Just One Night


You know how when medical examiners talk about a dead body they always refer to it being cold? Well, that’s because the blood has stopped working it’s way through the body. The circulatory system has stopped, the blood isn’t moving. That always makes me wonder about when we get chills when we are sick. Our bodies feel cold. Is it a similar feeling to when our bodies are dying? Has the blood stopped moving? Do we feel cold because our bodies are at a standstill?

I feel cold.
My teeth are chattering, my hands shaking, my body violently convulsing. I feel so cold. The fan is off. Why am I cold?
Is the pain doing this to me?

I’m in so much pain. The bones feel broken again. How many salon pas patches can I wear before the whole exercise is redundant? Does the shaking cold have to do with the pain?

I wish I could sleep.
But every movement I make ends in moans of despair. It hurts everywhere. And I’m so very cold. It hurts.

Hours pass as I doze in and out. The pain waking me every time I move an inch. But the exhaustion lets me doze again and I find comfort in the small snatches of rest I get here and there.

Every slight movement causes extreme pain. My fingers look grotesque. They are fat and shiny, like pudgy sausages. I can see the bruising of purple, only that’s not really a bruise. It’s just the discoloration of my disease poking it ugly head out the window any chance it gets.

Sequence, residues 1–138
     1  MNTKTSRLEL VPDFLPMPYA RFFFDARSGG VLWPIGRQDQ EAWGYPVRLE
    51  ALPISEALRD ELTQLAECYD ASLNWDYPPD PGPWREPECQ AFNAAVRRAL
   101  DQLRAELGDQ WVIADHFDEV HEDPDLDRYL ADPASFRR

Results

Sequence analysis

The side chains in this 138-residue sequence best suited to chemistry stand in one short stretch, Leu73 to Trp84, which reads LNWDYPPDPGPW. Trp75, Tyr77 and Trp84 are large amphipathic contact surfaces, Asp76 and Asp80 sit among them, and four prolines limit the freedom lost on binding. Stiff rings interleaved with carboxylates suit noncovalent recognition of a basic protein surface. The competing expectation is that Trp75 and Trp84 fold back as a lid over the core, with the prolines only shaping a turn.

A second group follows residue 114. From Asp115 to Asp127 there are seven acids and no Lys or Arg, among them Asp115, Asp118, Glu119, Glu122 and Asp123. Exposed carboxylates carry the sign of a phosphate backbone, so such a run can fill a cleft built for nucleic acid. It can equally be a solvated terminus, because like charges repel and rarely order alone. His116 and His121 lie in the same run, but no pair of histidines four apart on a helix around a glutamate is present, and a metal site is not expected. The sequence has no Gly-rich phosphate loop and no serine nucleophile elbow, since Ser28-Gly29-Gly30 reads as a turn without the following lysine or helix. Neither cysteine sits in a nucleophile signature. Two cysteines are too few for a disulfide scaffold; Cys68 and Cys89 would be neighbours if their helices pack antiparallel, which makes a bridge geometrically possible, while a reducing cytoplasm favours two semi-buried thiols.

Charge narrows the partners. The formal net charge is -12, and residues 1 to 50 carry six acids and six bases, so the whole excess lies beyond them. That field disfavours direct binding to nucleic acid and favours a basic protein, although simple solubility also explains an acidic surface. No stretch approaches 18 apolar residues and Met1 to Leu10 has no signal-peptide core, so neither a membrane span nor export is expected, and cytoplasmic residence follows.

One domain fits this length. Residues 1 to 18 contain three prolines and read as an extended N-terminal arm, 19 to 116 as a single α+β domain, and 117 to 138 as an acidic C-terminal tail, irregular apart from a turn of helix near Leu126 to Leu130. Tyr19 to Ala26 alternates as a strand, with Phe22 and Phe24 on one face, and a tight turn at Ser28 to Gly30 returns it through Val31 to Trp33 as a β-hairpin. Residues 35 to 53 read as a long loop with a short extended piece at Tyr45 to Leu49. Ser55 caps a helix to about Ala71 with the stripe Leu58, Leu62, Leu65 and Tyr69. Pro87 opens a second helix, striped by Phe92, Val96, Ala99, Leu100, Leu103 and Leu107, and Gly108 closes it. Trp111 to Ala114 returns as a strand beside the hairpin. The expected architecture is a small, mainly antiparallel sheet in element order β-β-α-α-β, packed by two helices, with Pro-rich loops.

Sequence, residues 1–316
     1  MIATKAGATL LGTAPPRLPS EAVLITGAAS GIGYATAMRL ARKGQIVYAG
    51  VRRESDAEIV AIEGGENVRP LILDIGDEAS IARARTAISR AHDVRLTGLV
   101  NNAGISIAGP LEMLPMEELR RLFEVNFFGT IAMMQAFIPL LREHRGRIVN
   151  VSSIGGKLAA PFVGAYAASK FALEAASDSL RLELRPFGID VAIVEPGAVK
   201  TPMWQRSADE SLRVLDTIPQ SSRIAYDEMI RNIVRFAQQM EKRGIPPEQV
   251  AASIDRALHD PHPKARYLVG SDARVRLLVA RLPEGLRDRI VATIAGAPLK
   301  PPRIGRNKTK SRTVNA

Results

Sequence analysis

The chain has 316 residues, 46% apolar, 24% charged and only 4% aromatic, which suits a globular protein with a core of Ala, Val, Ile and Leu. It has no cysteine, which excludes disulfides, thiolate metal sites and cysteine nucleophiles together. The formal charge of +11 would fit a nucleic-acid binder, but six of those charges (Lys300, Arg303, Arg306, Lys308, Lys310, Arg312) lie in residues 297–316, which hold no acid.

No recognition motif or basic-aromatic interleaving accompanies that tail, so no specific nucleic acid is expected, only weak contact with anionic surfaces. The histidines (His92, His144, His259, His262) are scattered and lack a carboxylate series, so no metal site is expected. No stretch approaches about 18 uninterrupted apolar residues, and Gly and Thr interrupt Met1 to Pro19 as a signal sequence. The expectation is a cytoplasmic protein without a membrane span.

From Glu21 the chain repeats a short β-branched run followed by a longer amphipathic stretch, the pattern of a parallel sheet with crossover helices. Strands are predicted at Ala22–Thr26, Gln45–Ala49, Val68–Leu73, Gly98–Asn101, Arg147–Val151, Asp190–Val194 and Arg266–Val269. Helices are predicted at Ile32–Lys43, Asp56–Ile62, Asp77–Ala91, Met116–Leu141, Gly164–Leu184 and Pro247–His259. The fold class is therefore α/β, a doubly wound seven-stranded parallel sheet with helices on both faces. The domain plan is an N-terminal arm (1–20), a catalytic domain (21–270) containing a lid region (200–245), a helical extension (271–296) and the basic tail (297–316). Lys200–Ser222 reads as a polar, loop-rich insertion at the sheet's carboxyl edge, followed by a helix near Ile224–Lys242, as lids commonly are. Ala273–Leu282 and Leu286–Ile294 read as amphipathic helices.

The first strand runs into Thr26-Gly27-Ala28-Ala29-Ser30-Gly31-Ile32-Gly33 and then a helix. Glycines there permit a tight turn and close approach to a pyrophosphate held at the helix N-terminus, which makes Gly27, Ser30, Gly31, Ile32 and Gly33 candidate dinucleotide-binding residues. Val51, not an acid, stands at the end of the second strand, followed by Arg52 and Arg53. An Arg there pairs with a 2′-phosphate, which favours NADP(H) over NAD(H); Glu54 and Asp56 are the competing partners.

Pain. An overwhelmingly painful trip to the bathroom leaves me sobbing on the toilet seat. How many people have to psyche themselves up to stand again? How many people deal with pain on this level? Is it like this for everyone or just me? My knees scream as I finally lift myself up again and hobble back to bed.

I’m cold again. My teeth chatter and I struggle to keep warm and get back into bed. It’s hard to pull the covers around me when I can’t grip them with my hands. They are frozen in useless claws. I peel off the now used anti-inflammatory patches and wonder if they provided relief at all.

I look at my feet, swollen as big as footballs. Shiny and fat. I wonder if they will let me walk today, if they will allow me out of bed. I glance at the clock and yearn for a hot cup of tea. The loneliness is all consuming at times like this. How much easier life could be with a companion. Someone to share my emotional and physical struggle with. Someone willing to try and understand.

I doze again, and then wake to a comforting sight.  One of my cats has come to sit with her mom. Her empathy serving as a warm fuzzy blanket Got my soul. She senses I can’t pet her today. So instead she pushes her head against my face, rubbing her face against mine, scenting me, showing me her love. I fall asleep again to the rhythmic sounds of her purrs.

The birds are sounding. It’s morning. It seems I survived the night. One more night passed. I wonder how many to go.

 

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About sixthousandsteps

In March of 2013, I was diagnosed with chronic Rheumatoid Arthritis and was told my disease was very aggressive. Every day since then has been an ongoing struggle and life lesson on how to stay positive and keep fighting. This blog is a glimpse of how it all came to be, and who knows what the future holds.

Posted on December 10, 2015, in The Journey and tagged , , , , , , . Bookmark the permalink. Leave a comment.

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